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Open Access Research

Leukoencephalopathy with accumulated succinate is indicative of SDHAF1 related complex II deficiency

Andreas Ohlenbusch1*, Simon Edvardson2, Johannes Skorpen3, Alf Bjornstad4, Ann Saada5, Orly Elpeleg5, Jutta Gärtner1 and Knut Brockmann1*

Author Affiliations

1 Department of Pediatrics and Pediatric Neurology, Georg August University, Robert Koch Str. 40, Göttingen, 37075, Germany

2 Pediatric Neurology Unit, Hadassah, Hebrew University Medical Center, Jerusalem, Israel

3 Department of Pediatric Medicine, Child Habilitation Unit, Ålesund Hospital, Ålesund, Norway

4 Department of Pediatrics, Drammen Sykehus, Drammen, Norway

5 The Department of Genetic and Metabolic Diseases, Hadassah, Hebrew University Medical Center, Jerusalem, Israel

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Orphanet Journal of Rare Diseases 2012, 7:69  doi:10.1186/1750-1172-7-69

Published: 20 September 2012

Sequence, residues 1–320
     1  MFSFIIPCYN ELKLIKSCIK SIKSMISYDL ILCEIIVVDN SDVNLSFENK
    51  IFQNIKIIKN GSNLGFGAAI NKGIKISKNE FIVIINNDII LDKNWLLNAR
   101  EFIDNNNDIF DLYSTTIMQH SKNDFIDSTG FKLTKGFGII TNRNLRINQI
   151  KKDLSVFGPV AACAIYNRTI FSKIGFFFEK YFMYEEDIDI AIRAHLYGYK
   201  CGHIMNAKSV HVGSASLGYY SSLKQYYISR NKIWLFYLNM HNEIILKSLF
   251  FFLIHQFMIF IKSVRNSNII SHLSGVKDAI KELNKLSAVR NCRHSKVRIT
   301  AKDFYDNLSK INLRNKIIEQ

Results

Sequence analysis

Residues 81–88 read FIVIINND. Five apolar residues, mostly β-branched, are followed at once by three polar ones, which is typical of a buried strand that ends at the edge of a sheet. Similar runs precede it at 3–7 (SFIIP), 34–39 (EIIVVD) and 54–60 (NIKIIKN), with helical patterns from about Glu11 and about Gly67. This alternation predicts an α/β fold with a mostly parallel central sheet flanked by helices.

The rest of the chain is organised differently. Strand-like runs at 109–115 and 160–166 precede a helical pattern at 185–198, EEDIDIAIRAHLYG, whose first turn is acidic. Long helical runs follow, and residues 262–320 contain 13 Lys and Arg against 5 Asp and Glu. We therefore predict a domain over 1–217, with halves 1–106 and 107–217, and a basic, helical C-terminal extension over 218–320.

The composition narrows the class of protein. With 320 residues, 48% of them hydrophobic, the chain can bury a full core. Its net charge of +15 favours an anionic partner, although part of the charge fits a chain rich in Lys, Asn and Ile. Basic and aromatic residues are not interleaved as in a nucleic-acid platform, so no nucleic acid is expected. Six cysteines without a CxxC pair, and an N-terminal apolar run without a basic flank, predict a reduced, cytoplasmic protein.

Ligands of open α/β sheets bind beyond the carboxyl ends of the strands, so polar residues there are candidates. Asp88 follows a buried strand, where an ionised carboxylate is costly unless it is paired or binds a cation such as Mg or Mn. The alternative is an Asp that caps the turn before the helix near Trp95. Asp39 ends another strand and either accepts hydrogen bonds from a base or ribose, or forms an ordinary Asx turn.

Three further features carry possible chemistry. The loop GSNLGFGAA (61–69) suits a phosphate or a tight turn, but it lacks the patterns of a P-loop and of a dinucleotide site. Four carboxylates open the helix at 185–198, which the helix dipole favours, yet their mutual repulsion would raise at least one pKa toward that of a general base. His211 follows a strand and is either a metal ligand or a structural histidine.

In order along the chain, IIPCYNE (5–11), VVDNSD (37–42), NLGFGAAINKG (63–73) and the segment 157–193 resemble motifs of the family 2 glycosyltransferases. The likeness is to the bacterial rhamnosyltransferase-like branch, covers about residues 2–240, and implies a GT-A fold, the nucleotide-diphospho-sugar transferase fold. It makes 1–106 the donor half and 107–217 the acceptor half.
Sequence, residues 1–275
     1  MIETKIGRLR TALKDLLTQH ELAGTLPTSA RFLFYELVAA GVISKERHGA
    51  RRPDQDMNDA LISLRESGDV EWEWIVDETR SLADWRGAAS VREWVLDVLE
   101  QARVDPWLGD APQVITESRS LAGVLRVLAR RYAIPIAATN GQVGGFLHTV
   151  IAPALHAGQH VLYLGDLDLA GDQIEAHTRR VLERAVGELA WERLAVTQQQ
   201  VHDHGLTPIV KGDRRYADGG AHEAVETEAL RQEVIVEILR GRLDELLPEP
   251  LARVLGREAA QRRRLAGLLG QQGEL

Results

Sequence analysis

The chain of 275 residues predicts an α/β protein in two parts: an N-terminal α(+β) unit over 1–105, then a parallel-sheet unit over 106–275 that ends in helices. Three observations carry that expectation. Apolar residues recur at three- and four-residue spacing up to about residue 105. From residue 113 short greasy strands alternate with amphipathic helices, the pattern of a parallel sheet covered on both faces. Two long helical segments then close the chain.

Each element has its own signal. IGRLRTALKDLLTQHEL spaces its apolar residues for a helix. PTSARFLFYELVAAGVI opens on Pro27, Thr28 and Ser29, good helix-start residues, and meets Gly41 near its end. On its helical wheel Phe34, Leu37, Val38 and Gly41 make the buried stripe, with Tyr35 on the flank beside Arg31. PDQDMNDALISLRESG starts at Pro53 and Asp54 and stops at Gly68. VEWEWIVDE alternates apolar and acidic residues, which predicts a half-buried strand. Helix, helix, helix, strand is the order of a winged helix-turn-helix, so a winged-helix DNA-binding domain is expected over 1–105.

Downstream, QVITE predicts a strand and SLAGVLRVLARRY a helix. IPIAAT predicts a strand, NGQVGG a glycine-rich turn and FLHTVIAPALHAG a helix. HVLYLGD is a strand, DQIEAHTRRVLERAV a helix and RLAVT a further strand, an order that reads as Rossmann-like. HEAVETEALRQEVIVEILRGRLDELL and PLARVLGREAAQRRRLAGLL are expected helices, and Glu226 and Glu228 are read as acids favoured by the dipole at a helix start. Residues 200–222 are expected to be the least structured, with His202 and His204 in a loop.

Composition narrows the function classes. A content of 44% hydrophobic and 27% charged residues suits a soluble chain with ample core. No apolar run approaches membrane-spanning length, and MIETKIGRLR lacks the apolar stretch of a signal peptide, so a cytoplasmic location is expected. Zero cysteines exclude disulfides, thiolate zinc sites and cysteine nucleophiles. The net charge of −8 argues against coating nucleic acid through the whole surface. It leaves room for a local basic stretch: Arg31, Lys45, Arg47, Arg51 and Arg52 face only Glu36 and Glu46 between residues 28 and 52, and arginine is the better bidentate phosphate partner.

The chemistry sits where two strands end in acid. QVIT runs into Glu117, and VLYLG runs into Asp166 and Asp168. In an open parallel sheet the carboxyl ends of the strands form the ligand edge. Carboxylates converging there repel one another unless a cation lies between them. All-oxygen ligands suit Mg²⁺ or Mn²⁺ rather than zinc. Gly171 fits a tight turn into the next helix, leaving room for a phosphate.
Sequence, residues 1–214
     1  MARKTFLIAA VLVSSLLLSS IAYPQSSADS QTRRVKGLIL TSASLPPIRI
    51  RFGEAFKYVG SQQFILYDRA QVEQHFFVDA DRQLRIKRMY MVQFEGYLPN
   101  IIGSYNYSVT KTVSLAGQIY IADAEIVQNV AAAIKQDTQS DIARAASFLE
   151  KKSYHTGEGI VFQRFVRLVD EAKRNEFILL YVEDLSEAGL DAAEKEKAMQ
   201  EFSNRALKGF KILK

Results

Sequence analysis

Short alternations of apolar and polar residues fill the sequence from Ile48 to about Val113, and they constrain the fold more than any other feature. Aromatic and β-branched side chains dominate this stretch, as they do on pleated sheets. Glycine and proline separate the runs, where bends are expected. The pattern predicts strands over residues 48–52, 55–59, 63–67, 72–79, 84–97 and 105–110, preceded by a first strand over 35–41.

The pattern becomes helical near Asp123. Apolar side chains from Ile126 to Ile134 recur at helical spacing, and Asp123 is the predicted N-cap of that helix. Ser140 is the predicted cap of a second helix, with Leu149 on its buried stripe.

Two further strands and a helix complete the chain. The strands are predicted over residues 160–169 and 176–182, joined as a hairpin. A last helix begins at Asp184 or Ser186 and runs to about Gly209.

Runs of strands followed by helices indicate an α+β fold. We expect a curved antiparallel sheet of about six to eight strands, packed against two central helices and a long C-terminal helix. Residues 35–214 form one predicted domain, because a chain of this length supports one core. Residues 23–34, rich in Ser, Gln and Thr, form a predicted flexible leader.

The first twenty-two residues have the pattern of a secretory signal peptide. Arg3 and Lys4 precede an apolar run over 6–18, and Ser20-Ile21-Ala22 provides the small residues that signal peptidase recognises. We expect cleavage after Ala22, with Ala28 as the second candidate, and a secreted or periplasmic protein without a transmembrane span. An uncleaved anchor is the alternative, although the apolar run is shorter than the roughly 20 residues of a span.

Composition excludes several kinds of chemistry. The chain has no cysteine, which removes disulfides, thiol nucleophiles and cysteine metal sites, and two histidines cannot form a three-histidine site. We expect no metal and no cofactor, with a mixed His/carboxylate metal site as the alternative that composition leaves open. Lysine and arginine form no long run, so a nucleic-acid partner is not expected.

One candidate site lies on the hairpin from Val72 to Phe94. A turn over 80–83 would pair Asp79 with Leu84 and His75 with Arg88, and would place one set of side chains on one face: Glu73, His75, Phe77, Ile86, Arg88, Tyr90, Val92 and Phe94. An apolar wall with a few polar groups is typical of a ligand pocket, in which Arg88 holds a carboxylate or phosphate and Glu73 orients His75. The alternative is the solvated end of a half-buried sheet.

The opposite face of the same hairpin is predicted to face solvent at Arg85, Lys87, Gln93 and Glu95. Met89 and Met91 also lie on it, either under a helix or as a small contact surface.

Abstract

Background

Deficiency of complex II (succinate dehydrogenase, SDH) represents a rare cause of mitochondrial disease and is associated with a wide range of clinical symptoms. Recently, mutations of SDHAF1, the gene encoding for the SDH assembly factor 1, were reported in SDH-defective infantile leukoencephalopathy. Our goal was to identify SDHAF1 mutations in further patients and to delineate the clinical phenotype.

Methods

In a retrospective data collection study we identified nine children with biochemically proven complex II deficiency among our cohorts of patients with mitochondrial disorders. The cohort comprised five patients from three families affected by SDH-defective infantile leukoencephalopathy with accumulation of succinate in disordered cerebral white matter, as detected by in vivo proton MR spectroscopy. One of these patients had neuropathological features of Leigh syndrome. Four further unrelated patients of the cohort showed diverse clinical phenotypes without leukoencephalopathy. SDHAF1 was sequenced in all nine patients.

Results

Homozygous mutations of SDHAF1 were detected in all five patients affected by leukoencephalopathy with accumulated succinate, but not in any of the four patients with other, diverse clinical phenotypes. Two sisters had a mutation reported previously, in three patients two novel mutations were found.

Conclusion

Leukoencephalopathy with accumulated succinate is a key symptom of defective complex II assembly due to SDHAF1 mutations.

Keywords:
Succinate dehydrogenase; Leukoencephalopathy; SDHAF1; Leigh syndrome; Complex II deficiency; Assembly factor